- Have you built a comprehensive business plan to commercialise the technology?
- Protected intellectual property
- Have you protected your intellectual property?
- Sales strategy
- Do you have a plan to achieve widespread market penetration for your products and services?
- Will you create an internal, direct sales team, or will you rely on external channel partners?
- Profit potential
- Can you demonstrate how high margins and consistent cash flow growth will be achieved?
- Capital needs
- Do you require funds to finance growth activities, including product development, recruiting key staff, launching sales and marketing activity?
- Financial projections
- Have you developed reasonable financial projections – including an income statement, cash flow and balance sheet and supporting spreadsheets – based on logical, realistic assumptions?
- Exit strategy
- Do you have a clear exit strategy that will enable angel investors to generate a return of at least ten times their initial investment within five to seven years?
- Business Plan
- Have you developed a comprehensive business plan that articulates your key business strategies for how you will grow your venture?
- Considering Valuation
- Your valuation must fit within an Angel’s risk/reward expectations for the investment. Typically, they look for pre-money valuations well below £1 million, from as little as £250K. It takes unusual situations (e.g., a company with existing revenues, issued patents and demonstrated growth) to get an Angel to consider a pre-money valuation higher than £1million.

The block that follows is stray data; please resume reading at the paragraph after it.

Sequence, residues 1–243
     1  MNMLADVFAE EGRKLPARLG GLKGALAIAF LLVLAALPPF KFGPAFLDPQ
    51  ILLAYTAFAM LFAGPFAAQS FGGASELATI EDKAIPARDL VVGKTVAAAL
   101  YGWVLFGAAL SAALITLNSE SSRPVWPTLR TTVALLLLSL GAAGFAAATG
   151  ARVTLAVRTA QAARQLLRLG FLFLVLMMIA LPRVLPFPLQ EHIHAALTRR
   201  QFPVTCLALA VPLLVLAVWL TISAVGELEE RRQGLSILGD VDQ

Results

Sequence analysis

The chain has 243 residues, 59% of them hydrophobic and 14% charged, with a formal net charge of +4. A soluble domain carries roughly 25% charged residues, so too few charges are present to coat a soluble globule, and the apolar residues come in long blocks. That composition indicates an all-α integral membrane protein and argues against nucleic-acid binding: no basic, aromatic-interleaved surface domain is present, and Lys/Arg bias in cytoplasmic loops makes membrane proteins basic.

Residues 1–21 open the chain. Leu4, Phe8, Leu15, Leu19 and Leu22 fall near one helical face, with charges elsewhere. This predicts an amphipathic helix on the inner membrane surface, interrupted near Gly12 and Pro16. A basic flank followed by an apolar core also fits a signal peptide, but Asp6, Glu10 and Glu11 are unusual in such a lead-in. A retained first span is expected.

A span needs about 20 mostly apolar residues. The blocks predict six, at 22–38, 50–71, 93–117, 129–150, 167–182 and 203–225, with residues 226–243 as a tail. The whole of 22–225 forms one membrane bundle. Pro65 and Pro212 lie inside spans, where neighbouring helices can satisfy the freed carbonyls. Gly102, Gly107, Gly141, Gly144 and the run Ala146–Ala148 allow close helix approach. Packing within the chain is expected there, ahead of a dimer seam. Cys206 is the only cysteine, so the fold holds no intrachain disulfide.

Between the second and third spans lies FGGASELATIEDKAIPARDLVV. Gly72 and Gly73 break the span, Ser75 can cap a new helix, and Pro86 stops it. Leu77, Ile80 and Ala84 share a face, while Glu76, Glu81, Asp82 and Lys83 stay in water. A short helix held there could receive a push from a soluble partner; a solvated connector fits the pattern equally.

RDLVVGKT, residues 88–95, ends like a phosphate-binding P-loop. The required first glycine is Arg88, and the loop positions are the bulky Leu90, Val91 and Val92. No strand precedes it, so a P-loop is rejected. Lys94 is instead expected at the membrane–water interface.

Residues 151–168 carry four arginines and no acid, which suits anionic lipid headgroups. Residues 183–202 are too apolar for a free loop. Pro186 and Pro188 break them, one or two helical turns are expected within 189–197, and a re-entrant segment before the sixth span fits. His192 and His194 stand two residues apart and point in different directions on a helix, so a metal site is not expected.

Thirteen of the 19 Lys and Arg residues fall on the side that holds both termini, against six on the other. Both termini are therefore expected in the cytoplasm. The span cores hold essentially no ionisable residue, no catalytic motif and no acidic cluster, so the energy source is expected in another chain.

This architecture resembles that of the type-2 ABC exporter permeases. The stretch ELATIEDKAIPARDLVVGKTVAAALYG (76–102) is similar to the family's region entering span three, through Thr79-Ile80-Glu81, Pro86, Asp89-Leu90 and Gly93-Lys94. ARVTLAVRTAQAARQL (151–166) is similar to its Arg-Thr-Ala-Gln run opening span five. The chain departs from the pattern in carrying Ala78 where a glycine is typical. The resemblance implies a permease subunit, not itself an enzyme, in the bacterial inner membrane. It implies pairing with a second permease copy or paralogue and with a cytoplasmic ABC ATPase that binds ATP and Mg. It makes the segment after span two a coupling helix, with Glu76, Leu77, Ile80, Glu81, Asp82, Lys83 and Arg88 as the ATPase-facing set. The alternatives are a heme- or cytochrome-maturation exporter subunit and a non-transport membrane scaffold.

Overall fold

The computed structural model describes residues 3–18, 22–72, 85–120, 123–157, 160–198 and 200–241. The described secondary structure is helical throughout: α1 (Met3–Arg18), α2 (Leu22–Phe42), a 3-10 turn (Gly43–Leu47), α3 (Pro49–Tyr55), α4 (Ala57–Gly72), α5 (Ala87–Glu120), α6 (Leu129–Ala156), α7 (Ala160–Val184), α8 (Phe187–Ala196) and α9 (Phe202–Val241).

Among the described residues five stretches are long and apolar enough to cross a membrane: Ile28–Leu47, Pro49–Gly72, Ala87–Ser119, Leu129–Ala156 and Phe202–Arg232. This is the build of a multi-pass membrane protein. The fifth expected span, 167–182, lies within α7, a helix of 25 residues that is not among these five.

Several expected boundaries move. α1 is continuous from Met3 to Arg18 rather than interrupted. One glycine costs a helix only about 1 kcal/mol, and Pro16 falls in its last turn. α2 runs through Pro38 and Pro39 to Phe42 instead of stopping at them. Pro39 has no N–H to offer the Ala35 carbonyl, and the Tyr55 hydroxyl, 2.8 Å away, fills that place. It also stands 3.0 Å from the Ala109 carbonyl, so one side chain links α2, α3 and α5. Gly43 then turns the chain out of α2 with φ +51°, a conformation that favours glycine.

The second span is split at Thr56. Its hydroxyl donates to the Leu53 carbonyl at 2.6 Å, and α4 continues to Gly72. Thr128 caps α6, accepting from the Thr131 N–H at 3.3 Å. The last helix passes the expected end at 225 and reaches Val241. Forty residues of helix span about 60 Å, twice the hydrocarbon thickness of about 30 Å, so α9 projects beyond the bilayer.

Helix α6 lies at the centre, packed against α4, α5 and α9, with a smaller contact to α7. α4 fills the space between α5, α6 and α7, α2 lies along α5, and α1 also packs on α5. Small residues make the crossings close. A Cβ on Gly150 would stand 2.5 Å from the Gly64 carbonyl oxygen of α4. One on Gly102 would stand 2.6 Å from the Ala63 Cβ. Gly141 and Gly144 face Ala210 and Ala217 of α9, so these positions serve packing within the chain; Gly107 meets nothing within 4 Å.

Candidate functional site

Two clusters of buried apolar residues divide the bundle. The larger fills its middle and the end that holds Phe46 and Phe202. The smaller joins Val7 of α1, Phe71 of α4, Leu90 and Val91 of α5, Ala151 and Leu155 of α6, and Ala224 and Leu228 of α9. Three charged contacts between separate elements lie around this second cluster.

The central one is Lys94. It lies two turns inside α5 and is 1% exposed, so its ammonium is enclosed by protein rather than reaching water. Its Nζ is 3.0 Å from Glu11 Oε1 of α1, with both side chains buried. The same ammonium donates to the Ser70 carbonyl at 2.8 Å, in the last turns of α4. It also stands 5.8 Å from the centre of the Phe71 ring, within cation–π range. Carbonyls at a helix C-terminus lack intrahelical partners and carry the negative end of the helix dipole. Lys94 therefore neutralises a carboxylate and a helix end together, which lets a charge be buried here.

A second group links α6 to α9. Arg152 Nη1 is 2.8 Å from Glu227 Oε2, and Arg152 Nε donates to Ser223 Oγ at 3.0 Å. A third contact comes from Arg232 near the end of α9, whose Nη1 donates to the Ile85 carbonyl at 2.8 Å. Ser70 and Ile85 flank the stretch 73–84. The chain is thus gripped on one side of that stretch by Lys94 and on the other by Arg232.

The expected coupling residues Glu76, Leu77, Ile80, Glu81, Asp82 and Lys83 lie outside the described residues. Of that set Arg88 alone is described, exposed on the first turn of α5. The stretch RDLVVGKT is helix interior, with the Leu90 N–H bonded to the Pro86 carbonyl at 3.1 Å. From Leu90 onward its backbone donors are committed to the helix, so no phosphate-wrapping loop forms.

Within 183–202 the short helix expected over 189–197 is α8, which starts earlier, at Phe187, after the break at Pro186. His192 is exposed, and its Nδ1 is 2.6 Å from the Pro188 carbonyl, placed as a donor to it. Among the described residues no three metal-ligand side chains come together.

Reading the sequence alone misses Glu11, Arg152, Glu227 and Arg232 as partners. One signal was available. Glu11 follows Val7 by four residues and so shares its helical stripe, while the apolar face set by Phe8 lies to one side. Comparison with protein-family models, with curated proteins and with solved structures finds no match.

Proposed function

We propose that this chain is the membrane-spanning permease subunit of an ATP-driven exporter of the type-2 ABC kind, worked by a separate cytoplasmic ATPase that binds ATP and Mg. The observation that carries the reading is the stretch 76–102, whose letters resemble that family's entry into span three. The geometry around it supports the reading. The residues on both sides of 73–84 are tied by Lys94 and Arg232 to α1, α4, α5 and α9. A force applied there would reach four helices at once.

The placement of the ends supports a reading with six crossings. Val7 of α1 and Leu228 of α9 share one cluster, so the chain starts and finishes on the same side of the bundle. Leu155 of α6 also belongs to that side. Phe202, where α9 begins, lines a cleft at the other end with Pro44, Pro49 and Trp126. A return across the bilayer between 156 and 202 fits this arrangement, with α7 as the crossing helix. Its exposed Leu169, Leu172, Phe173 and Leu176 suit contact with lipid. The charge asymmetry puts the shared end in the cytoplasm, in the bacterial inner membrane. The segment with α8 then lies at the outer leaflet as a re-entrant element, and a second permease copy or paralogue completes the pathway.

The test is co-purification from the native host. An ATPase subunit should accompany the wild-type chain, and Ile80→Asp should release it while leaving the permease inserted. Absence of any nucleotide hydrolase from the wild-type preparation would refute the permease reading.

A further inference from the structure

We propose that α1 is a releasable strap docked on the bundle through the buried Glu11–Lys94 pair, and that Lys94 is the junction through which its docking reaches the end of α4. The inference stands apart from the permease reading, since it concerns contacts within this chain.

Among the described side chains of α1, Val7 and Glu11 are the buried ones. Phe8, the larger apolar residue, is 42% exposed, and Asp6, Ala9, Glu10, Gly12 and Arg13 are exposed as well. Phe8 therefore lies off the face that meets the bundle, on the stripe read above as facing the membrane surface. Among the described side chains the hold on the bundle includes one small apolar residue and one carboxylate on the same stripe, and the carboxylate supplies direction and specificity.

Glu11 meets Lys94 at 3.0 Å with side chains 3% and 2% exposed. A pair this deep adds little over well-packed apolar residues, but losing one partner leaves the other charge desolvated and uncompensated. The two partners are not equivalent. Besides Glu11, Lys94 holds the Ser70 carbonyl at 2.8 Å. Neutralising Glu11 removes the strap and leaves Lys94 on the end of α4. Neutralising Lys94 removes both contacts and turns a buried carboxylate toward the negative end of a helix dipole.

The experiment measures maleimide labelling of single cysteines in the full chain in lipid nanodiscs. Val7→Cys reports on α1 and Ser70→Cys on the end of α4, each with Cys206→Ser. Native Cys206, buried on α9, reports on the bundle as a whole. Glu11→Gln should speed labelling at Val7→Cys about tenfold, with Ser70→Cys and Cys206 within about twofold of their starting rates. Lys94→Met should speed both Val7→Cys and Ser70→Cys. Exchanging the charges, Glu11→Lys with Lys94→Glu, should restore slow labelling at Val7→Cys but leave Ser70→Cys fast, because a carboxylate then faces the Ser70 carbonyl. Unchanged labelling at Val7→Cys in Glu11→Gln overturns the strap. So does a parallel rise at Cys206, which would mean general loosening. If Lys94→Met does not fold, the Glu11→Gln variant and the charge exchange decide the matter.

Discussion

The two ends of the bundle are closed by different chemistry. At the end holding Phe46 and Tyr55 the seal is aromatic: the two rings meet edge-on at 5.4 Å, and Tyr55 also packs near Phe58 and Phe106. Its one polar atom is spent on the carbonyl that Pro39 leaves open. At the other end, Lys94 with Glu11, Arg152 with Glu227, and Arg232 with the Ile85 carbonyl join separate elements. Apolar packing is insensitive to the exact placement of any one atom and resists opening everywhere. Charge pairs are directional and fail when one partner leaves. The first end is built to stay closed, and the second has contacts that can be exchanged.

- Pre-money valuation
- The pre-money valuation, simply put, is the value you put on your company before getting the capital you seek. To compute: multiply the fully-diluted shares immediately prior to the proposed financing (e.g., 2 million fully-diluted shares) by the price/share of the proposed financing (e.g., £1/share) to yield the pre-money valuation (£2 million, in this example). If you add the proposed financing amount (e.g. £500K) to the pre-money valuation you get the post-money valuation (£2.5 million in this example).
- Pre-money valuation based on percent of company
- Some entrepreneurs are more used to thinking in terms of offering some percent (e.g., 20%) of their company for some amount (e.g. £500K) of financing. Numerically, divide the proposed financing (£500K) by the offered percentage (20%) to get the post-money valuation (£2.5 million), and subtract the money (£500K) from the post-money (£2.5 million) to get the pre-money valuation (£2 million). Note that these are just two different ways to compute the valuation; and hence, as expected, yield the identical results.
- Investment value vs. company valuation
- It is important to keep in mind that early stage investors will likely have their equity interest in your company diluted (made smaller) by later investors. For example, if angel group members invest £500,000 at a pre-money valuation of £1 million (and thus end up owning 33% of the company), and then a venture capital firm invests £5 million the following year at £5 million pre-money valuation, the original angel group investors will now own only half as much of the company, even though the company value has increased more than three-fold. As a result, because of the early stage at which they invest, you should know that angels group members generally receive 20-40% of the company’s fully diluted equity in exchange for their investment.